#NaNoPrep Season: Learning Your Pre-writing Style #NaNoWriMo

Today I am featuring a post by my good friend, and fellow Municipal Liaison for NaNoWriMo, Lee French. Lee poses the question: Are you a ‘pantser’ or a ‘plotter?’ For me, the answer lies somewhere in the middle. I plot, then I wing it, then I replot, and let it fly. Without further ado, here is Lee’s post.  I heartily suggest you read it all and click on through to finish the post on her page.

Lee French

There are many writers who claim to pants their stories. That is, fly by the seat of their pants, aka no plan, no outline, no nothing before starting to write. The other option is planning, which consists of drawing up a complete outline, character bios, detailed setting documents, and so on.

Pantser vs. Plotter

I wish to submit two controversial opinions:

  1. Pantsing and plotting are not two options, but rather two ends of a spectrum.
  2. As with many linear scales, most of us fit most comfortably somewhere between the two extremes.

The popularized term for folks who do “both” is Plantser. My argument is that we are all plantsers. Or, at least, the majority of us are.


The hitch: until you start writing, you have no real idea where you fit on that spectrum. You may think you’re on the Pantser end, then you get stuck on Day 4…

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3 responses to “#NaNoPrep Season: Learning Your Pre-writing Style #NaNoWriMo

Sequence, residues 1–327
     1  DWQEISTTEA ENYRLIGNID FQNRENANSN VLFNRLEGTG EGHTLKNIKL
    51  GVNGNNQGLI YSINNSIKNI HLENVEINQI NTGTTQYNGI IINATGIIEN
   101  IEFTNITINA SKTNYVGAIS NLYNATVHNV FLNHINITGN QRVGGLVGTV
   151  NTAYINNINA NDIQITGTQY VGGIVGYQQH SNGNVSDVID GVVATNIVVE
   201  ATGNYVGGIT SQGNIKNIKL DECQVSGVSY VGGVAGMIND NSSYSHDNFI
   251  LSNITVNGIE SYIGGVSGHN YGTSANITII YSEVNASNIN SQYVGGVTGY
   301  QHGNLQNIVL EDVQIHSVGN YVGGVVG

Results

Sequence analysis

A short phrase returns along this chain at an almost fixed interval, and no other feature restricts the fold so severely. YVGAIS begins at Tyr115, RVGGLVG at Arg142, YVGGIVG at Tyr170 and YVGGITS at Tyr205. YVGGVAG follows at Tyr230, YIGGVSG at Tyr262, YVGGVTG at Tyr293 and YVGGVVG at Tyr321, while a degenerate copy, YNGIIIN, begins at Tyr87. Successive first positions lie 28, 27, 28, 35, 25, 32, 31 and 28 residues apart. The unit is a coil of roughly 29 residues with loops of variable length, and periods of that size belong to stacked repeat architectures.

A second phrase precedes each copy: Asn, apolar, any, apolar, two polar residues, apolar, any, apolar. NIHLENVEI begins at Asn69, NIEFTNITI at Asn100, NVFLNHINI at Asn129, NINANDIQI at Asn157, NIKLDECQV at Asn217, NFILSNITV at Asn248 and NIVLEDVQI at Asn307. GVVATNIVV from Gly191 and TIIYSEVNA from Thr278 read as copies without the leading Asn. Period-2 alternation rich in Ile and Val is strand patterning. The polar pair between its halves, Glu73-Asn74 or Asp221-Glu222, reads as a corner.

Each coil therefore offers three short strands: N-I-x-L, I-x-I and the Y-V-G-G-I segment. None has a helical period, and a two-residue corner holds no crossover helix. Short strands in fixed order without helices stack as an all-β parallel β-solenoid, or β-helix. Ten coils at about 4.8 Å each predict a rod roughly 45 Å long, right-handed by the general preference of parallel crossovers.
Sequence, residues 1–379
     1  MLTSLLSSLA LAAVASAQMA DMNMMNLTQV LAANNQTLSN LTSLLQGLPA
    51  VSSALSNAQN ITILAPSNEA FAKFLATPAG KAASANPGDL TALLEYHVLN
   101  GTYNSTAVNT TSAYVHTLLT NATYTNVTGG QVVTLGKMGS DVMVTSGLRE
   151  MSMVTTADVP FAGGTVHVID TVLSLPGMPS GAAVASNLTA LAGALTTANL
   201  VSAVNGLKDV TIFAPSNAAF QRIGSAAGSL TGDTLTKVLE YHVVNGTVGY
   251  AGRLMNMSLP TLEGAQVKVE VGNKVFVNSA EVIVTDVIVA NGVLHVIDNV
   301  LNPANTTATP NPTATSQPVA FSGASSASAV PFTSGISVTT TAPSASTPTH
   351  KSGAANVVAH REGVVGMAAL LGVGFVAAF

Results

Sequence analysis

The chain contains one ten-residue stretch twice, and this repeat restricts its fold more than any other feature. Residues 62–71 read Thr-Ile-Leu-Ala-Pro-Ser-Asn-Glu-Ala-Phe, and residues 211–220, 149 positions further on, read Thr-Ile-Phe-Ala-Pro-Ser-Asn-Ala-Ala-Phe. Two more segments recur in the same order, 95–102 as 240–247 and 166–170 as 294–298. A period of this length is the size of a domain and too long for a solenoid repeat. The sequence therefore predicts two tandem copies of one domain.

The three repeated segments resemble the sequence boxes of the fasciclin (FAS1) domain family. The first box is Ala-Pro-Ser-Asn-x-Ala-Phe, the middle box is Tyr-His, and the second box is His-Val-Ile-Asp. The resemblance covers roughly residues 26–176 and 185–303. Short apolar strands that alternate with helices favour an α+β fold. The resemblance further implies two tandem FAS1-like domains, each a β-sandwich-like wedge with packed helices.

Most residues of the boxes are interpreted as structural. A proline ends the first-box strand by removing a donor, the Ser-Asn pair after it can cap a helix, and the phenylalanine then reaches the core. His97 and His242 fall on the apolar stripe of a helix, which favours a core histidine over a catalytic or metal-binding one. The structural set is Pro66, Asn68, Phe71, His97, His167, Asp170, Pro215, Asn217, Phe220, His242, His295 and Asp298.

1. Pingback: #NaNoPrep Season: Learning Your Pre-writing Style #NaNoWriMo — Life in the Realm of Fantasy – I Suck at Writing

  2. It’s been my experience that without some planning, fiction projects, especially novels, don’t get finished, and you end up with an audience of one. When I shifted from writing to understand the universe to writing to an audience not myself
    , I started planning a whole lot more.

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    • That is so true, Scott. My first completed novel was 70,000 stream-of-consciousness ideas strung together with disparate ramblings. I was quite proud of having completed the project, that is, until my friend who had read the first few pages said, “Once you’ve finished this it ought to be okay. But I wouldn’t buy it.” Whenever I look at that ms, I understand exactly what she meant, and am amazed at my naive audacity.